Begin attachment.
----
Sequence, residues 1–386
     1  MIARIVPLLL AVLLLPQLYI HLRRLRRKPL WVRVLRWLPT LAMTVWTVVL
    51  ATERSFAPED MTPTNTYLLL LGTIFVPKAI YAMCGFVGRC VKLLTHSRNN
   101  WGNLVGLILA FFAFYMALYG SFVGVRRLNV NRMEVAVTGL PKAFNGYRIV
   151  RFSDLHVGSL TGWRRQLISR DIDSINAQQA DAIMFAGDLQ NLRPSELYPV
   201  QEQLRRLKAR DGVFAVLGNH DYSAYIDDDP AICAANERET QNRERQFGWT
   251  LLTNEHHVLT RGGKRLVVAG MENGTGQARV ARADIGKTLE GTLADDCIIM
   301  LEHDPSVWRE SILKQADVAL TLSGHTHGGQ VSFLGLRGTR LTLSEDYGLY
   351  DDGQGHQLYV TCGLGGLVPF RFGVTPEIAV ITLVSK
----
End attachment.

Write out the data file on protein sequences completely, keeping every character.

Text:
Sequence, residues 1–386
     1  MIARIVPLLL AVLLLPQLYI HLRRLRRKPL WVRVLRWLPT LAMTVWTVVL
    51  ATERSFAPED MTPTNTYLLL LGTIFVPKAI YAMCGFVGRC VKLLTHSRNN
   101  WGNLVGLILA FFAFYMALYG SFVGVRRLNV NRMEVAVTGL PKAFNGYRIV
   151  RFSDLHVGSL TGWRRQLISR DIDSINAQQA DAIMFAGDLQ NLRPSELYPV
   201  QEQLRRLKAR DGVFAVLGNH DYSAYIDDDP AICAANERET QNRERQFGWT
   251  LLTNEHHVLT RGGKRLVVAG MENGTGQARV ARADIGKTLE GTLADDCIIM
   301  LEHDPSVWRE SILKQADVAL TLSGHTHGGQ VSFLGLRGTR LTLSEDYGLY
   351  DDGQGHQLYV TCGLGGLVPF RFGVTPEIAV ITLVSK